http://s123.photobucket.com/albums/o290/Robatoy/?action=view&current=Picture9.png
to these guys:
http://s123.photobucket.com/albums/o290/Robatoy/?action=view&current=Picture10.png who then plunge their $ 3000.00 worth of diamond bits into multiples of thousands of dollars worth of Quartz slabs and them make it all pretty and send it to me all finished for me and my guys to install it. The files I send them, also include a scribed set of complex curves for any back-wall aberrations , the sink-file location co-ordinates etc.
Average cost of the jobs range between $3K and $9K. Sometimes more.
I then install the sink(s) under the very accurately cut hole and presto, happy customer, Rob gets big cheque.
In the meantime, I now feed those sink files via my CNC into my Corian slabs, here at my shop, and do the same things for other clients.
I then install the sink(s) under the very accurately cut hole and presto, happy customer, Rob gets big cheque. Again.
..are you still with me, Jack??
Is that really a job for SU? Do my clients, such as the nation-wide chains like Rona, Home Hardware and IKEA open SU files? Jack?
But you're right. I fabricate countertops. ================================================ Whaaaaat????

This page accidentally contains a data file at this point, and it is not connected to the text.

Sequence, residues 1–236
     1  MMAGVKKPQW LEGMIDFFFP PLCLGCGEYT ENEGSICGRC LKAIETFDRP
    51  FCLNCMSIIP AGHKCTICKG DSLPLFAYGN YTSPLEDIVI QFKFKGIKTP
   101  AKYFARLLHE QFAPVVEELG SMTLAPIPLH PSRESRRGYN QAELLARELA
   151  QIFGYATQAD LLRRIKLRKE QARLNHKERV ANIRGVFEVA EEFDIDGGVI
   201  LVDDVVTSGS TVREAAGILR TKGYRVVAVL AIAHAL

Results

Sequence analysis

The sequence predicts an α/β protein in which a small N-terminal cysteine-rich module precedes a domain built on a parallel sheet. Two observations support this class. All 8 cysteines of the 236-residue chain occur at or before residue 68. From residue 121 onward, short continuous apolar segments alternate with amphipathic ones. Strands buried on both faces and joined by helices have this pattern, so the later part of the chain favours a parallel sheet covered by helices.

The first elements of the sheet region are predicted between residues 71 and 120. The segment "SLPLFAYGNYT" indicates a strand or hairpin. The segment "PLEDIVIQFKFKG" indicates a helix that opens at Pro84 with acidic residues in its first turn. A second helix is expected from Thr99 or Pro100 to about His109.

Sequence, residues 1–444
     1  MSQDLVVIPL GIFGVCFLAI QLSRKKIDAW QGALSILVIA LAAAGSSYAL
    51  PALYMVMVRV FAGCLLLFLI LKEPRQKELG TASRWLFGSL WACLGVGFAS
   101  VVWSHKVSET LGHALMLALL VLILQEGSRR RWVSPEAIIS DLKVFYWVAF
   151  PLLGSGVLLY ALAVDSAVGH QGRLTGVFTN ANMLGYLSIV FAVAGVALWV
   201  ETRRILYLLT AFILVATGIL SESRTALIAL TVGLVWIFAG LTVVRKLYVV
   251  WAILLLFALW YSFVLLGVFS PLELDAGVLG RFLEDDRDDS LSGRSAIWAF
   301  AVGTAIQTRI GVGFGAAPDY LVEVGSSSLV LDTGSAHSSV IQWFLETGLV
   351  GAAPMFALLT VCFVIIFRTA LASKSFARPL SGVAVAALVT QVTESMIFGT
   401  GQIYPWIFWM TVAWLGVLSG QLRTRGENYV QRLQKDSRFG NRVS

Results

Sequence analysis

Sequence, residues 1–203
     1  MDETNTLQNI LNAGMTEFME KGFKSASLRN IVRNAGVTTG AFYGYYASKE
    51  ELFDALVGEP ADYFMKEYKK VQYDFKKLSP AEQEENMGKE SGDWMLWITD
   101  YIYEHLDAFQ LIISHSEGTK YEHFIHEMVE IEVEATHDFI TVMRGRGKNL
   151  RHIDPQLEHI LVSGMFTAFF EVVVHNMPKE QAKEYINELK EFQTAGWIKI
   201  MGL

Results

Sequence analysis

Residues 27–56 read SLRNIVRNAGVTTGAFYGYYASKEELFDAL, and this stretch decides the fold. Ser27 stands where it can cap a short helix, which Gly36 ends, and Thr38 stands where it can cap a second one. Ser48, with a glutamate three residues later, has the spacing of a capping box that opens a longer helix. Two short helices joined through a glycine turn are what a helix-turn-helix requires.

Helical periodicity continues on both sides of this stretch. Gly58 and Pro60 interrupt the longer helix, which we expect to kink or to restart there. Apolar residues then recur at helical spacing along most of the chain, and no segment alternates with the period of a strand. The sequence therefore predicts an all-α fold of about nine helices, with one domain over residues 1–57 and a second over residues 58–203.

I thought you just took a hamnmer and chisel to it and carved out the sink hole caveman style!!! LOL
There IS an advantage to being a tool snob. It allows you to do many things that others can not. As you pointed out above. Besides, if you weren't getting some checks (cheques) out of this, you couldn't afford to buy big, fancy routers!
I am also a tool snob. A financially challenged tool snob, mind you. But still a tool snob. But tool snobs do play an important role in this world of ours.
I applaud google for putting a software tool out there that people can use to build things for a very good price. I am concerned that it is part of the overall effect of the world wide web dumbing things down in general. It raises the abilities of many. But also degrades expectations and abilities of many as well. There are those who will do many things well with this tool. But like anything, many will not.
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"Lee Michaels" wrote

As with a hammer ...
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Lee Michaels wrote:

A happy thought for tool snobs: SketchUp is a tool available for the downloading and, among other things, can itself be a tool for imagineering and building tools that either one cannot afford to purchase - and/or that no one else has yet imagined.
And sometimes it's even necessary to come up with new tools in order to produce a never-before-seen new tool...
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DeSoto Solar
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"Morris Dovey" wrote